Mostafa, Magda. "An Architecture for Autism: Concepts of Design Intervention for the Autistic User," in ArchNet-IJAR: International Journal of Architectural Research, vol. 2, issue 1 (2008).
One in every 150 children is estimated to fall within the autistic spectrum, regardless of socio-cultural and economic aspects, with a 4:1 prevalence of males over females (ADDM, 2007). Architecture, as a profession, is responsible for creating environments that accommodate the needs of all types of users. Special needs individuals should not be exempt from such accommodation. Despite this high incidence of autism, there are yet to be developed architectural design guidelines catering specifically to the scope of autistic needs.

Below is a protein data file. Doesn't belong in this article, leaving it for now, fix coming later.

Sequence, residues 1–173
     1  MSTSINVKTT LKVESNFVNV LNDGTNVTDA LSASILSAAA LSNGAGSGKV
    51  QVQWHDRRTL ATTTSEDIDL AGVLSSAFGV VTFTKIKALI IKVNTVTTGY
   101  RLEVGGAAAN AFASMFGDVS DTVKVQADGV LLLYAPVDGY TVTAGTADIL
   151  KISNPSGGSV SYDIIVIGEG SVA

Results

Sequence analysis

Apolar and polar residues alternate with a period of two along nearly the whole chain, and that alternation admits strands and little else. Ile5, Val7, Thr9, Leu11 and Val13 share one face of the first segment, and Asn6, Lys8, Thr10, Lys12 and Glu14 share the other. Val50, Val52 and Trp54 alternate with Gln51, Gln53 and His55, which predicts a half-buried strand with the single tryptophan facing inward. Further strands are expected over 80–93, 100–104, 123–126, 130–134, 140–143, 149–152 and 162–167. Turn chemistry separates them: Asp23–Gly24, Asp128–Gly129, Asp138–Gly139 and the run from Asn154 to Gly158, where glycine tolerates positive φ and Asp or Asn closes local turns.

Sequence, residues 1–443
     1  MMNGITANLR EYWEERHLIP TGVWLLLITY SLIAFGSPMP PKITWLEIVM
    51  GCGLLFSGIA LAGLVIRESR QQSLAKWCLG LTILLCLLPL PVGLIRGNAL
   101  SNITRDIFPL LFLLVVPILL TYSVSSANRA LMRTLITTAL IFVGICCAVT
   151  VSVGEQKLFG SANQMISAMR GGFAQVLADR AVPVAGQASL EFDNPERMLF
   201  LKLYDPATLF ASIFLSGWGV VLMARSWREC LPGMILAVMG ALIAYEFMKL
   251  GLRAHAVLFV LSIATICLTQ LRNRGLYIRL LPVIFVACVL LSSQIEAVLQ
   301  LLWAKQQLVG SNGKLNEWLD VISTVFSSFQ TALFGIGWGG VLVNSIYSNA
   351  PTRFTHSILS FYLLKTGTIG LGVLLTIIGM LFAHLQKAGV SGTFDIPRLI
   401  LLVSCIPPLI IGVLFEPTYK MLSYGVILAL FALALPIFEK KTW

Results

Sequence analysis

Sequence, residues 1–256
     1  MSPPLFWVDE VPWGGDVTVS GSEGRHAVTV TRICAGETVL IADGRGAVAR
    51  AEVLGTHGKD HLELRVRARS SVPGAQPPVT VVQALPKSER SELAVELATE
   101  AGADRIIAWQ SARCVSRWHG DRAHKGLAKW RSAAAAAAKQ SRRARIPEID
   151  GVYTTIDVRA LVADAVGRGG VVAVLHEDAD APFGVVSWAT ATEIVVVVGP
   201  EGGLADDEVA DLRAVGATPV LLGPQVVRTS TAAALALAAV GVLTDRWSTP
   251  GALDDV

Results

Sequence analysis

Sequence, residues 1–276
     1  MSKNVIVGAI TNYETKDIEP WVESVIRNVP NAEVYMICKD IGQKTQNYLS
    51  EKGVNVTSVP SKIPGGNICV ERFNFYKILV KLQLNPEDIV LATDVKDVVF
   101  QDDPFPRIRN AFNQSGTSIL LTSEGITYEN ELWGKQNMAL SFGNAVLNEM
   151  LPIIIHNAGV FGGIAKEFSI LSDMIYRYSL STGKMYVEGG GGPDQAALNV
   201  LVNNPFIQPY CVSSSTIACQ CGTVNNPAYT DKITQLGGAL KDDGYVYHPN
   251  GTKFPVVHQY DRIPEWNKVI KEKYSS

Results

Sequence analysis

The primary goal of this research is to correct this exclusion by developing a preliminary framework of architectural design guidelines for autism. This will be done through a two phase study. The first phase will determine, through a questionnaire of first hand caregivers of autistic children, the impact of architectural design elements on autistic behaviour, to determine the most influential. The second phase, based on the findings of the first, will test the conclusive highest ranking architectural elements in an intervention study on autistic children in their school environment. Specific behavioural indicators, namely attention span, response time and behavioural temperament, will be tracked to determine each child’s progress pre and post intervention, for a control and study group. This study concludes in outlining the findings of both phases of the study, the first being the determination of the most influential architectural design elements on autistic behaviour, according to the sample surveyed. The second group of findings outlines design strategies for autism in three points. The first is the presentation of a “sensory design matrix” which matches architectural elements with autistic sensory issues and is used to generate suggested design guidelines. The second is the presentation of these hypothetical guidelines, two of which are tested in the presented study. These guidelines are presented as possible interventions for further testing. The third is a group of specific design guidelines resultant from the intervention study. It is hoped that these will provide a basis for the further development of autistic specific design standards, and take us one step further towards more conducive environments for autistic individuals.